Recently TCM played some of the Gordon Parks films, Shaft (1971) and The Super Cops (1974). Both held up very well and you could see many creative influences they had on other early 70’s movies like Dog Day Afternoon and French Connection.
Among his other talents he also wrote songs and poetry. Like Stanley Kubrick he started as a photographer before becoming a director. That explains the great shots and cinematography in these movies.
In the late ’60s and early ’70s, filmmaker Peter Bogdanovich had conducted extensive interviews with Welles, but a number of circumstances–including the director’s decision to compose an autobiography that he never got around to writing–kept the interviews out of the public eye. Finally edited and annotated by Jonathan Rosenbaum, these conversations give wonderful insights into Welles’s craft and personality. He discusses his forays into acting, producing, and writing as well as directing, his confidences and insecurities, and his plans for film projects that were either never made or only partially completed.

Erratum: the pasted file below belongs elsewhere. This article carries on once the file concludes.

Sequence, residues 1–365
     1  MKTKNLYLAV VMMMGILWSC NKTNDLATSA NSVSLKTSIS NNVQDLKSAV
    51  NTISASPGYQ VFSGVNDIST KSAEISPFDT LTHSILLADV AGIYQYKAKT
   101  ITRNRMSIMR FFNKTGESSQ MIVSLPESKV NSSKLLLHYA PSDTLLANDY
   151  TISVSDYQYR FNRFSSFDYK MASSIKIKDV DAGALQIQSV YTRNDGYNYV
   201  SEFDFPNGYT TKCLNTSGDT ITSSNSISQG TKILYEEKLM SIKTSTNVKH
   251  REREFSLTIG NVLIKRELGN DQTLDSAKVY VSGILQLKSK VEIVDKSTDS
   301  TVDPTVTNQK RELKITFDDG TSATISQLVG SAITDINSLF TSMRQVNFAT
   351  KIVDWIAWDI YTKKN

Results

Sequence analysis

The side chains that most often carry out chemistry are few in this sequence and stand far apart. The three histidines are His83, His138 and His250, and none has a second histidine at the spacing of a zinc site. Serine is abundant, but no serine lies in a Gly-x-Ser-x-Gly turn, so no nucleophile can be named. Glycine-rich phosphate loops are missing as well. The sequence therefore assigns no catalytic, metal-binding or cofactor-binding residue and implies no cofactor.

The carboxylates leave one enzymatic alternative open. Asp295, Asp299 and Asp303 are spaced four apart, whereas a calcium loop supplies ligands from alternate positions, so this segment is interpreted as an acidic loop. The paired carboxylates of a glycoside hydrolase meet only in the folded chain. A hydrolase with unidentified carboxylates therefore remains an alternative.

The Smithsonian’s National Air and Space Museum will exhibit “The Great Picture” . The 3,375-square-foot photograph of an abandoned Marine Corps air station in Southern California was taken by the largest pinhole camera in the world.